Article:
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Remembered Today:

Inland Water Transport Royal Engineers


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57 minutes ago, mbriscoe said:

I have looked at the RE IWT previously because of my interest in the Northern Barrage and its use of the Caledonian Canal.  One member of of the RE IWT is buried in Corpach (I have tried hard to find anyone related to him but no luck).  Another died at Laggan Locks, I was able to find relatives and give them details of where he died.

 

I think they operate the canal locks, the USN seemed to use lighters for moving the mines through the canal (there are some photographs on the National Archive).

 

I am a Remote Volunteer for the IWM WMR and occasionally notice a member of the RE IWM on a memorial .  But just transcribing St Ives Wesleyan Church Roll Of Honour and seeing several RE IWT, only a handful but more than I would usually expect.  Wondering why?

 

 

Unfortunately, I can no longer get to the National Archive as I find the whole subject of the Inland Waterways Division fascinating.

 

Do mean St. Ives, Cornwall, or St. Ives, Cambridgeshire?

 

Both locations would, I think, have had a relatively large number of seamen/watermen working the fishing smacks and the natrowboats.

 

Other than that, I'm afraid I have no answer to your query.

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48 minutes ago, Sniper said:

Unfortunately, I can no longer get to the National Archive as I find the whole subject of the Inland Waterways Division fascinating.

 

Do mean St. Ives, Cornwall, or St. Ives, Cambridgeshire?

 

Both locations would, I think, have had a relatively large number of seamen/watermen working the fishing smacks and the natrowboats.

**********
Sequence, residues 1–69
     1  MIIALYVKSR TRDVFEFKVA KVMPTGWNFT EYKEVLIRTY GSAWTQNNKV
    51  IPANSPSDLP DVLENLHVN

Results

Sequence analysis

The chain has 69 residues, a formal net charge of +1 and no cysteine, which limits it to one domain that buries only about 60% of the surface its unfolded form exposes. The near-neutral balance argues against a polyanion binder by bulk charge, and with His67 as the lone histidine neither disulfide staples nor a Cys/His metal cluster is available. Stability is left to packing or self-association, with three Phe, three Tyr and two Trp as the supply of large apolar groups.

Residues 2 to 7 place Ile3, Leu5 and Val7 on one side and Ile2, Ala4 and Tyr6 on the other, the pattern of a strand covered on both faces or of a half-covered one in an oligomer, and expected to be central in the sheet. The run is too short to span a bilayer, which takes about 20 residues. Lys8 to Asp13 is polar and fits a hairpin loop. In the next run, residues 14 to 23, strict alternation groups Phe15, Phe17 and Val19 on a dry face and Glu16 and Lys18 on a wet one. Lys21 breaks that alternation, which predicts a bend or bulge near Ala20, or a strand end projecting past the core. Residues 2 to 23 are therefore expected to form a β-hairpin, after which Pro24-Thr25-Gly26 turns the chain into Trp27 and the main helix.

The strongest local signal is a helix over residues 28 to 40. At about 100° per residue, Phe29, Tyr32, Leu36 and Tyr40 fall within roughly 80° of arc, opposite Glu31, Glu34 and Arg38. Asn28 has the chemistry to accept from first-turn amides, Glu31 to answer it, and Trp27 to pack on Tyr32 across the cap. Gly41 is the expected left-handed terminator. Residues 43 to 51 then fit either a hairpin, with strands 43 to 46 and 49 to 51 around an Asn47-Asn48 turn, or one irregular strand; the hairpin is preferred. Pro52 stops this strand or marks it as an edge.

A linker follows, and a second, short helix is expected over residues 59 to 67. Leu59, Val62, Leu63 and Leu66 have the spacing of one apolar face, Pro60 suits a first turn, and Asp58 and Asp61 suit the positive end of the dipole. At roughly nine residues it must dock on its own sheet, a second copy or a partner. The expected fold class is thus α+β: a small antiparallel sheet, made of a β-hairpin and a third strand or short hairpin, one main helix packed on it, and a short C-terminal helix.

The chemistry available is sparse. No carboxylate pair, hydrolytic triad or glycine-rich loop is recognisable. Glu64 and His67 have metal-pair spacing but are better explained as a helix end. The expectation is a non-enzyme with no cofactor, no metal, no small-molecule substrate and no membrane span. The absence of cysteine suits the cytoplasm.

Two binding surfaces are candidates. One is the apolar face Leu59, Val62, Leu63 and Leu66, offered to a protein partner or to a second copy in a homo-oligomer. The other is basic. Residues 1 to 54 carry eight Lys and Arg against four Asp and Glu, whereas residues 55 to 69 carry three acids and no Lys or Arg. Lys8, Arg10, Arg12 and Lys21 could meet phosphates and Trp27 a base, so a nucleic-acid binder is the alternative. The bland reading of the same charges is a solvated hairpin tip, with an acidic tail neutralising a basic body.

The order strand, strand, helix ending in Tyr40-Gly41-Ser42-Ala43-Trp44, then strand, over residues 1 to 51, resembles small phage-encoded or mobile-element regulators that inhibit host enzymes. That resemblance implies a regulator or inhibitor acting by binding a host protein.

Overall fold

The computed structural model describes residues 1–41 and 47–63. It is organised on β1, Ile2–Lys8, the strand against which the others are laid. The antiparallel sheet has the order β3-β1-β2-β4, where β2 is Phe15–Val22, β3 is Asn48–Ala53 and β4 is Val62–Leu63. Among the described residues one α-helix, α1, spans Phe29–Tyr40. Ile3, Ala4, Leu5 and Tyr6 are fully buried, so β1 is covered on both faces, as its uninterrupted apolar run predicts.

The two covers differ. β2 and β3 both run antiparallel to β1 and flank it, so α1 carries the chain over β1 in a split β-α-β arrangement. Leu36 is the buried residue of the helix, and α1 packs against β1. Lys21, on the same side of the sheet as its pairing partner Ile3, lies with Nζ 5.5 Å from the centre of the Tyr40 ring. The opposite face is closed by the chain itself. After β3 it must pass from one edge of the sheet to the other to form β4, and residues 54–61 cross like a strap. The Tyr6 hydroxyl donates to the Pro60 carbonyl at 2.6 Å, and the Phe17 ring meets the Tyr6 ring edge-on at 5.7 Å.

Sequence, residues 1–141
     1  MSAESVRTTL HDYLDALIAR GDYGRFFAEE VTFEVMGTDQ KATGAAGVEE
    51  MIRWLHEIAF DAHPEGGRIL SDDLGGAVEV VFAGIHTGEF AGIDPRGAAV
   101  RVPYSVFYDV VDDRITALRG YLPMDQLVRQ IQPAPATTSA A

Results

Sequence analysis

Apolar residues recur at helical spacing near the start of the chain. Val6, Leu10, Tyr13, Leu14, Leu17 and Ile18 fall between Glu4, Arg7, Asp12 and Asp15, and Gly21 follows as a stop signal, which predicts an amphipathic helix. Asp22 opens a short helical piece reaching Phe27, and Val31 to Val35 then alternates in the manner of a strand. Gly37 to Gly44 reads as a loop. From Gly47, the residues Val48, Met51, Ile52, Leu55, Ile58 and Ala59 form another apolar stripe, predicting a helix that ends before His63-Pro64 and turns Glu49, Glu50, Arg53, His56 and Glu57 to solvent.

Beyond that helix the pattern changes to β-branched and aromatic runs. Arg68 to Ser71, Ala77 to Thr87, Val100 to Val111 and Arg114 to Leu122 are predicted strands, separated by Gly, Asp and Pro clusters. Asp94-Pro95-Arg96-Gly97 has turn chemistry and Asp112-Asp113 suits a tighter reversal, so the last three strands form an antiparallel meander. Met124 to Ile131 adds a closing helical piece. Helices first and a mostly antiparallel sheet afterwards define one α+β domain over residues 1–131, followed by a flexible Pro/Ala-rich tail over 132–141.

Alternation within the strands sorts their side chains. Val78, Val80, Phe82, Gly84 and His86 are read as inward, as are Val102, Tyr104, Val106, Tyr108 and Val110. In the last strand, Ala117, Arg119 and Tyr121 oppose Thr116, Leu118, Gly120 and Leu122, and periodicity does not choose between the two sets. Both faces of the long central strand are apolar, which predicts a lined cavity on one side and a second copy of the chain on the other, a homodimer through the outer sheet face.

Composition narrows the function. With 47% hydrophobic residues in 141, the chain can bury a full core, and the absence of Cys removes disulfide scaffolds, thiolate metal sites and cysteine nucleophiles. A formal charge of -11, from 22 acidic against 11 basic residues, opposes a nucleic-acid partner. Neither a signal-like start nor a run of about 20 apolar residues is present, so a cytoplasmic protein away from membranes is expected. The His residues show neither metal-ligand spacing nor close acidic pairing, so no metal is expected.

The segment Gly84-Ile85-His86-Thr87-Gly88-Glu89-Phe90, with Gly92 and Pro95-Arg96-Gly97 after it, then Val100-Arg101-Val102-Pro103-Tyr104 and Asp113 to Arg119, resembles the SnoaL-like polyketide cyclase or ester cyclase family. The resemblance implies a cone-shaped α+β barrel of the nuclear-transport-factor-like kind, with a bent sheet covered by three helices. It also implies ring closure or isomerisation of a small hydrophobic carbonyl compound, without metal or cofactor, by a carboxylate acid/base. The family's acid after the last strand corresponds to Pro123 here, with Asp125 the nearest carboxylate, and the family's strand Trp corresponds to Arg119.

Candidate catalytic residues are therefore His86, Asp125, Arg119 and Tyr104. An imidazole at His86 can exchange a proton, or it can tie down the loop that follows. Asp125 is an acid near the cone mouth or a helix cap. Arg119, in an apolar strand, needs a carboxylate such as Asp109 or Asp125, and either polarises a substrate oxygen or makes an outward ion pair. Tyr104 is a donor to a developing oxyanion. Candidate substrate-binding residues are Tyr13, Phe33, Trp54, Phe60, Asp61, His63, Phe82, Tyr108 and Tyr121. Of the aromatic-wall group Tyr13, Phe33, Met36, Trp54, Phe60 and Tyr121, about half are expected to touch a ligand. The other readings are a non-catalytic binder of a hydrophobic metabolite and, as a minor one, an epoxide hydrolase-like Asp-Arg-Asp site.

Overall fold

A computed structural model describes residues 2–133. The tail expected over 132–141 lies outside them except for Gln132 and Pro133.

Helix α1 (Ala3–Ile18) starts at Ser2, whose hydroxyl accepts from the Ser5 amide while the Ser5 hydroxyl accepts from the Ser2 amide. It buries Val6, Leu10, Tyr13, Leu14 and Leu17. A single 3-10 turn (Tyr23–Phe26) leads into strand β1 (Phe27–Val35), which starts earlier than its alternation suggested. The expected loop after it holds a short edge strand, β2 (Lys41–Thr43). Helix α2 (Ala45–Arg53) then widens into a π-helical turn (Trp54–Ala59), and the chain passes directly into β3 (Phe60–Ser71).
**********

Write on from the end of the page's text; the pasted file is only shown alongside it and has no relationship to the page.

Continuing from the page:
Other than that, I'm afraid I have no answer to your query.

 

I had not looked at which St Ives but the DCLI appears often so must be Cornwall (will check shortly and correct if I am wrong)

 

Also people in the RN Patrol Service (again not large numbers but more than you might normally expect.

 

P.S.

 

Also note that I should have written that I was referring to "National Archives" (i.e. Transpondian) and not "The National Archive")

 

 

Edited by mbriscoe
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St Ives, Cornwall town memorial lists just two soldiers form RE (IWT) who died in service.

Eli Curnow

and John Pearce, the latter's service records survive and there is a very sad letter concerning his death from peronitis following an operation to remove his appendix.

http://www.roll-of-honour.com/Cornwall/StIves.html

 

The list is by no means complete and no doubt would welcome any updates you may have.  Pearce was a fisherman and Curnow originally enlisted in the DCLI. It would not be unusual for men with seafaring experience or boat handling skills to end up in the RE IWT (a bit of a misnomer as their title was Inland Waterways and Docks) both men above were buried at ports, Calais and Dunkirk respectively.

 

In my experience the Wesleyans were usually keen to list all those who served.

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  • 3 months later...
Blue Dragoon

Harry Meaden born 1893/94 Tilshead drowned at Dunkirk 27 Jan 1918

Harry Meaden CWGC citation.JPG

Edited by Blue Dragoon
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mbriscoe

I sent the picture of accommodation barges on the Forth and Clyde Canal to someone at HES.

 

He wonders

 

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I suspect that the men may have been involved in building the oil pipe from the Clyde to Grangemouth which was built in the second half of the WW1. Americans oil men were in charge of construction project but some work might have been done by RE, The barges are accommodation for the men, so doubt that they would stay in these any longer than was strictly required. Given the ease to built huts on ground rather than adapt barges, would suggest that the ability of these to move along the canal was deemed important and so construction of the oil pipeline would allow the men to move from site to site. Just a thought, will be interesting to see what comes back

 

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